In the existing Indian parliamentary system, though political parties with less numbers of seats enjoy equal rights and authority with the party in power, they have “no responsibility”, said President Pranab Mukherjee
President Pranab Mukherjee today advocated the need for strong electoral reforms to strengthen the democratic process saying it is time to look at legal provisions for increasing the number of parliamentary seats. Mukherjee also said in the existing Indian parliamentary system, though political parties with less numbers of seats enjoy equal rights and authority with the party in power, they have “no responsibility”.
He said it is necessary to undertake a “dispassionate analysis of the way in which our electoral process is functioning with a view to address the shortcomings in the system”.
The President was speaking at a seminar on ‘Economic Reforms With Reference To Electoral Issues’ where Chief Justice of India J S Khehar said electoral promises routinely remain unfulfilled and manifestos turn out to be mere pieces of paper, for which parties have to be held accountable.
“Chief Justice of India very emphatically and relevantly pointed out accountability, but the system of parliamentary governance is such that if somebody gets 51 (majority) out of 100, 51 has all the rights and authority and in our electoral process, less than 51 have all the rights and authorities but no responsibility,” Mukherjee said.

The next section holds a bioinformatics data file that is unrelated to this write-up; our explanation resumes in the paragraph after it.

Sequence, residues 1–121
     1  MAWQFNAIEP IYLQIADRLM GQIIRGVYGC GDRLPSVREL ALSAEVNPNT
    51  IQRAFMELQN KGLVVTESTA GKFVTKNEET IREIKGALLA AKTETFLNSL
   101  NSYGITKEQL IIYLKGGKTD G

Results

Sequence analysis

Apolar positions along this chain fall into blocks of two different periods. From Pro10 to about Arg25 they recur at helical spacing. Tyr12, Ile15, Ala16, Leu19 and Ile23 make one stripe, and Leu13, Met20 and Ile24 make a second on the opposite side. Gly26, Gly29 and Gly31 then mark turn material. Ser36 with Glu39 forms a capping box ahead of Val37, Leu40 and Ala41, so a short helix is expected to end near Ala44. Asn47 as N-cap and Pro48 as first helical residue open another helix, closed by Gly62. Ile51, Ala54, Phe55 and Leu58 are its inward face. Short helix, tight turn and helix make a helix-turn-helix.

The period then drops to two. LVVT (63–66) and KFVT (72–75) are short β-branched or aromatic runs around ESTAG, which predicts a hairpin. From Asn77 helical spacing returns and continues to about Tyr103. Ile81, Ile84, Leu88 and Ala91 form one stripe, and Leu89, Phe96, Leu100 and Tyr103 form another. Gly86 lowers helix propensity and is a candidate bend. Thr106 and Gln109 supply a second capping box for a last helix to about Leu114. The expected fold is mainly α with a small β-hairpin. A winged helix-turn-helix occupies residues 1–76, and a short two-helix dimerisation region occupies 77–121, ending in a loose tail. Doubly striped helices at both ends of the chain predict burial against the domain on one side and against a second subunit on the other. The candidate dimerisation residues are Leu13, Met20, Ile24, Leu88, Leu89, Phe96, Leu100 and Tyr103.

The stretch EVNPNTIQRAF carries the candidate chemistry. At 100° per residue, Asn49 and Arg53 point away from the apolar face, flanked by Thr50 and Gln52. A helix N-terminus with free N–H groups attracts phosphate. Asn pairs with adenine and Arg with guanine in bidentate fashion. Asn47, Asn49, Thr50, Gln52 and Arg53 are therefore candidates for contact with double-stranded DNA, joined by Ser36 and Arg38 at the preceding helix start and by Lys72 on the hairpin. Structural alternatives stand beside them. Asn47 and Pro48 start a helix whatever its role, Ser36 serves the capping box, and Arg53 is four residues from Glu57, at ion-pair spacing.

Elaborating the need for electoral reforms, the President said freeze on the population figure was imposed in 1976 which has been extended till 2026 by an Act in 2001 due to which Parliament today represents the figure of 1971 census whereas same has increased manifold.
“The Constitution (Forty Second Amendment) Act 1976 imposed a freeze on the population figure for readjustment at the 1971 census and has been extended by the Constitution (Eighty-fourth Amendment) Act 2001 till 2026.
“As a result the House of the People today represents the population figure of 1971 census whereas our population has increased manifold in the recent decades,” he said.
The president said, “this gives rise to an anomalous situation wherein today, India has over 800 million voters and 543 Lok Sabha constituencies represent 1.28 billion people”.
“To give true expression to the will of the people, it is time that we look at the legal provisions on the delimitation of the Parliamentary constituencies with a view to increase their number.
“If Great Britain can have more than 600 Parliamentary constituencies, why can’t India, with a much higher population, have more number of seats?” the President said.
Stressing the need for reforms, he said, “a strong electoral system and timely reforms are necessary to strengthen the democratic structure of India. Timely reforms are necessary which not only would give justice to people but also to the ideals enshrined in the Constitution of India”.
Referring to instability in governance, the President said, in the past, coalition governments at the Centre contributed to unstable governments necessitating frequent elections.
“Between 1989-1999, as per constitutional practice there should have been three elections in 1989, 1994 and 1999 but actually what happened was that five general elections took place in 1989, 1991, 1996, 1998 and 1999.
“To avoid that, fragile opportunistic coalitions were formed but they did not last and some of the issues to my mind can never be addressed through the real system. Some of these issues have to be addressed by the law,” he said.